Friday, September 26, 2014

WISE -- Women in science and engineering -- some reflections

It's been a long time since I've posted...  I set this blog up originally to write about my various travels, experiences and adventures in the field, observing the effects and geologic records of tsunamis, particularly my experiences in the Russian Far East.  More on that, eventually...  and it's not divorced from the topic I do want to discuss.

Lately, those of us who are professional women in field sciences have been reading and posting on challenges and harrassment issues --both our own experiences and those of our students.  More on that later, too.  But several recent web posts have made me appreciate having a field party on Kamchatka that was led by women.  See my blog on that topic.

But THIS post comes from reading an essay by a current senior at MIT about her experiences,

and posted to Facebook by our former University of Washington undergrad student Jen Glass, now a young professor in Georgia -- a rising star and one attuned to issues of gender and science.  Thanks, Jen!

The young MIT engineering student (Jennifer) wrote, on 18 September of 2014:
     "I am a senior at the Massachusetts Institute of Technology (MIT), a materials engineer, an honors student, and a woman. I also have been told hundreds of times that I don't deserve to be where I am. MIT admissions decisions come out on 3/14 (for Pi) every year. By 8 a.m. on 3/15 everyone in my high school knew I had been accepted. Tons of people came up to congratulate that day and afterwards but seemed strangely insistent on reminding me that "it is a lot easier to get in when you are a girl because they get so many fewer female applicants."    The idea that there was some sort of quota for women would be repeated to me over and over in the coming months, and it only got worse when I went to MIT."

Jennifer discussed not only gender, but also treated the topic of persons of color.  Kudos to her for writing..

Damn  --so many themes I can relate to over my extended career, still alive and kicking.  I came of age scientifically/professionally in the 1970s, and in general I have seen some progress (though I have many stories about gender biases) --such as for about 20 years I was the only woman in a department, and today in our faculty meeting there were 7 women present (two more absent) (albeit out of a possible 43 ....).

But the issue of being admitted to an elite program, as Jennifer was, or being hired because you are from an underrepresented group, hit at least two major nerves.  The first is, I could tell you many stories over my 30+ years in an R1 (primary research) university, when women who were as, or more, qualified than men were not hired for various unsupportable reasons.  Enough to make me crazy, but I have persevered.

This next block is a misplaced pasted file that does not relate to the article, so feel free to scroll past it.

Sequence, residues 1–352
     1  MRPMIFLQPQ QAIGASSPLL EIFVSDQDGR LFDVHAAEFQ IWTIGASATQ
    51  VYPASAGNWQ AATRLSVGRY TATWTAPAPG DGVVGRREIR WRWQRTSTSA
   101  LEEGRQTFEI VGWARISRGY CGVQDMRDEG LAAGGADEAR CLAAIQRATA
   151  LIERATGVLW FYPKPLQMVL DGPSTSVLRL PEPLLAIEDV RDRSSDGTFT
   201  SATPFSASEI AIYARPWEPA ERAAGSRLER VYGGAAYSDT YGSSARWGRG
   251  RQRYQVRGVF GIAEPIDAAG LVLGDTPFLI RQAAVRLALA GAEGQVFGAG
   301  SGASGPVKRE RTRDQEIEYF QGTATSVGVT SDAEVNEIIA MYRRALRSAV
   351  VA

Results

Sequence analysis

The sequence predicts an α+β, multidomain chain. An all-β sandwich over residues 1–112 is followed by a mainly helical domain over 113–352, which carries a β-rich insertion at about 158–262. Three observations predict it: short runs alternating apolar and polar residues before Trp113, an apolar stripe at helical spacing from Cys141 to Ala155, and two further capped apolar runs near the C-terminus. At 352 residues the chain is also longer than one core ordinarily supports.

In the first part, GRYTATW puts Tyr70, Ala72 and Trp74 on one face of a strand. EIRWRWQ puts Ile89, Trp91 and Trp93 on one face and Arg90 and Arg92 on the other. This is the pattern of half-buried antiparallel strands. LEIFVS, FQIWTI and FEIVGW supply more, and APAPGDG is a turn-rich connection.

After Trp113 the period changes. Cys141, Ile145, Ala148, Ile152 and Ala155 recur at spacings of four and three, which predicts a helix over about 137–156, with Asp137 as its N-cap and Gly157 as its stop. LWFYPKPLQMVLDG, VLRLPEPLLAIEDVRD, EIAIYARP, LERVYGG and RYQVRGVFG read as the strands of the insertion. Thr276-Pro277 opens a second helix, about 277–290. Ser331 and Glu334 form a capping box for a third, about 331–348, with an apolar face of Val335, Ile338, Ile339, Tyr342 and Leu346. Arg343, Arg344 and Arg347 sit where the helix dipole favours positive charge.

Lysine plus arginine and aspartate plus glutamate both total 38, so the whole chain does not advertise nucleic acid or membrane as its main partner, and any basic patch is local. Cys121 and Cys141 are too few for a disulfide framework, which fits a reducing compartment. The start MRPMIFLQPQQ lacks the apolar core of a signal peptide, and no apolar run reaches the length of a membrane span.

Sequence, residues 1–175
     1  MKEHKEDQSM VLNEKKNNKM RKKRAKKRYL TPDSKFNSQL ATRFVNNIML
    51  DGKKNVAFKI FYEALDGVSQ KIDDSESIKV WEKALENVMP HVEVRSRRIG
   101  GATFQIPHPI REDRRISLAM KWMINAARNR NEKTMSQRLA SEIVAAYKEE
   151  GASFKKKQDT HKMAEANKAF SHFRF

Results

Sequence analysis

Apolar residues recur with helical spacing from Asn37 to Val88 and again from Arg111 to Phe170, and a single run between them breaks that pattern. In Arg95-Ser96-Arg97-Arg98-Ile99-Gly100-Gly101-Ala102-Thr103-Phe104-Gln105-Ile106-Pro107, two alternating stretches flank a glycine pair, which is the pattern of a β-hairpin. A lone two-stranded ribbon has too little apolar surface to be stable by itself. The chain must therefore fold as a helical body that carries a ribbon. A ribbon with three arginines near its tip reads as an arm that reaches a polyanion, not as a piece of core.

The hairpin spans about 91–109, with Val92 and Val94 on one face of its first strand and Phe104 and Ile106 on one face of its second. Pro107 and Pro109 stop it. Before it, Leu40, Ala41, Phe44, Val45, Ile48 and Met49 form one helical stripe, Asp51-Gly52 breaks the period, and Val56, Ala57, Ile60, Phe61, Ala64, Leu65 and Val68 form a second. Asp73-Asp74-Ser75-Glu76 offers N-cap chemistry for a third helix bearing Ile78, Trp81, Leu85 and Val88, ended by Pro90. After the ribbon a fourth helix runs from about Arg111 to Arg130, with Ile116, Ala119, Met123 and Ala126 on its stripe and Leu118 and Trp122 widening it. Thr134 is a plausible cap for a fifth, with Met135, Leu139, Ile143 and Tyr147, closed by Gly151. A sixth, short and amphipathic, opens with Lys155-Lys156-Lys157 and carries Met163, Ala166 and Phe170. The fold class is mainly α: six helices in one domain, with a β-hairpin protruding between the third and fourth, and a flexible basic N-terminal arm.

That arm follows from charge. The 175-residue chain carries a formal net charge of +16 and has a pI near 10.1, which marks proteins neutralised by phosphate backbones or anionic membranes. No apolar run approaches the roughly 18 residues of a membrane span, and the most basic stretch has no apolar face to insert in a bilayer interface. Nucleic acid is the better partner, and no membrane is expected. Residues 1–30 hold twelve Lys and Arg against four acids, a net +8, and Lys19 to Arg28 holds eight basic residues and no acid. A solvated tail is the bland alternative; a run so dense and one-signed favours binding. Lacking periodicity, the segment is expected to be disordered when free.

The second nerve it hit is the one I want to address, and it's very related to our MIT student's post:   My niece is a systems engineer.  Her profession is one I could not have imagined for myself, in my era, though some women in that era and even earlier did succeed in engineering, despite the odds  (thanks largely to girls-only high schools, I think).  So to me, my niece's success is a real testament to progress in WISE.  And here, thanks to FIRST high school robotics programs.

This past spring, my niece was laid off.  She had left a more secure position (where to this day they would hire her back in less than a heartbeat) to one more innovative and people-oriented.  This more risky position didn't hold up, not because of her failings, but because funding in her expertise at that company declined.

I was confident, in the long run, that she'd get another job--one that suited her--BECAUSE MY NIECE IS EXCEPTIONALLY GOOD AT WHAT SHE DOES.  And/but when having a conversation with a close friend, I heard them say, "She won't have any problem, she's a woman engineer, and engineering companies are looking to hire women" (could also say the same about people of color), it raised my hackles and contradicted my experiences over the past decades.  And I am sure the same goes for my niece.

In my experience, a woman has NEVER been hired because of her gender, but in fact, she has to meet, or in reality exceed, the qualifications of any of the many others who apply for a position.  I could describe several cases where a woman was actually the most qualified person in a search, and somehow,... somehow they did not get the offer because...   let's see, what can I actually put on paper?  Not much, but believe me, the reasons were commonly constructed without real foundations.   Crazy making, but I have persevered.

So Jennifer's essay hit home on several accounts, not the least  being reflections on my niece's career path.  I do remain an optimist, but please, do not tell me that women and people of color are more easily hired (and retained) because they are from underrepresented groups.  While it might happen, I don't believe that, at least in my own experience in the fields of science and technology, it happens more often than the reverse.